Cope added that elevated pump pressure is a good indicator that mud weights have increased. “When pump pressures increase, the operator should be checking the mud weight to determine if the mud weight needs to be adjusted.”
Moving from operational guidance to routine maintenance, reclaimer operators need to keep a careful eye on the condition of their screens and cones to allow them to do their job correctly. While a change in pressure may be a reflection on mud weight, it could also be caused by an issue with a recycling system’s screens or cones. “Holes or tears in a screen will allow larger particle sizes through which can lead to higher sand content levels,” said Cope. “Plugged or worn cones can also lead to higher levels of solids into the clean drilling fluid.”
According to Klein, a quick visual inspection of the screens at the start of the day and a continuous rinsing of the screens during operation will help optimize performance. In addition, a thorough washing at the end of a shift to prevent solids from caking will help improve screen performance and screen life. He also recommends operators to regularly check the condition of the cones, especially when working in sandy or rocky grounds. “Hydrocyclones are preset at a specific diameter from the manufacturer for optimum performance,” he said. Over time, sand can cause internal wear of the cone walls affecting the cones’ performance. A change in the underflow spray pattern or increase in sand content levels could be an indicator that excessive wear has occurred.”
Inspecting cones can be an efficient process. Operators can remove the apex bushing at the bottom of each cone and feel the inside walls on the cones. It should be fairly smooth and not course/rough. If not, it is likely time to replace the cone.
Higher sand content levels can also wear down the impellers on a mud recycling system’s centrifugal pumps. Cope and Klein said the most likely tell of a worn-out impeller is a pressure drop at the hydrocyclone manifold.
In addition, to check the condition of screens, cones and impellers regularly, operators should also follow the maintenance recommendations found in their machine’s operator manual. Greasing and other preventative maintenance needs are outlined there.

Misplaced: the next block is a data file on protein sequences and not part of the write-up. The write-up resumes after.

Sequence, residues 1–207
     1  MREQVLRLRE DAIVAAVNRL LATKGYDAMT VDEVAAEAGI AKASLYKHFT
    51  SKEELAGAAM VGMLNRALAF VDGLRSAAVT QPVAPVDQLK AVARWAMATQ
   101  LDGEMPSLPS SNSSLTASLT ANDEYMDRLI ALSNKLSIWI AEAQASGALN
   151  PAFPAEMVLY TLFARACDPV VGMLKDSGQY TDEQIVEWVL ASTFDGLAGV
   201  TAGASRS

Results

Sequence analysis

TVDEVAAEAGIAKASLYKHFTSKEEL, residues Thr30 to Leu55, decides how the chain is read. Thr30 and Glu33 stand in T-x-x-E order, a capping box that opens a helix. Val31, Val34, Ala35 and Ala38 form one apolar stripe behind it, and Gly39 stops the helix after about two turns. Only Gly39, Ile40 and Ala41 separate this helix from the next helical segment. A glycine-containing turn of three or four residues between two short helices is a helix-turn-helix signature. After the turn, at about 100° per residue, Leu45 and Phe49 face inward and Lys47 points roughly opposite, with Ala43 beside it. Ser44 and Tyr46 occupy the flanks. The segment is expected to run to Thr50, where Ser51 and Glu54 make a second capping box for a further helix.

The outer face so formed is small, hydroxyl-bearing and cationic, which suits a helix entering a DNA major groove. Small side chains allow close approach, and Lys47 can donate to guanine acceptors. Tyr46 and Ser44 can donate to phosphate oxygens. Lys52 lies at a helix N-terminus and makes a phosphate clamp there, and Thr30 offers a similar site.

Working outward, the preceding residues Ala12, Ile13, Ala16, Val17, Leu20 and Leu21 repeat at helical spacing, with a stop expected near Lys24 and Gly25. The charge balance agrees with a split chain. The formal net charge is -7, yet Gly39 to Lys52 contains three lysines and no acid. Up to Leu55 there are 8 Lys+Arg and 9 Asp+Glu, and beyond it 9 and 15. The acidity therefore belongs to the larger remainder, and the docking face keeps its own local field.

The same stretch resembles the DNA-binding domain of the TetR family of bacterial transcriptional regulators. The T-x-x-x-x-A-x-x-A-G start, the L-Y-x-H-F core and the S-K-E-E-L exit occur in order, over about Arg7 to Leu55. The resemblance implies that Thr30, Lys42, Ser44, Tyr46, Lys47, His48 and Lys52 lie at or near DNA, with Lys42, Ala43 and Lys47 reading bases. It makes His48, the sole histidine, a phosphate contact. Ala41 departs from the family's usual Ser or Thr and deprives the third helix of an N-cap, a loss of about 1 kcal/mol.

Cold weather care
Just as with a horizontal directional drill, extra steps need to be taken to maintain reclaimers when temperatures drop below freezing. According to Babcock, keeping the flow starts with making sure the pit or trash pump is completely submerged for continuous circulation.
“It can be a real chore to keep fluid in the tanks of the system from freezing, but all of that work doesn’t matter if the used slurry freezes and can’t be reclaimed,” he explained. “In extreme weather conditions, many contractors will keep an operator on the job around the clock to keep everything a liquid with continuous circulation. Other operations will add heater and tarp areas and close off some pump compartments.”
In the fall and spring, when temperatures may dip below freezing in the evening through the early morning hours, Babcock tells contractors to drain their tanks and circulate an environmentally friendly antifreeze through the pump, just like they would with their drill.
“Allowing water to freeze inside a pump can result in damage and will certainly impact productivity,” he explained. “In addition to circulating antifreeze, the crew should also flush screens and make sure the cones are draining correctly. Frozen clumps of material will also impact the system and how it separates the liquids from the solids.”
Prepping for storage
Before shutting a reclaimer down for the season or an extended period, crews should also take the time to drain the tanks, flush the lines and wash everything.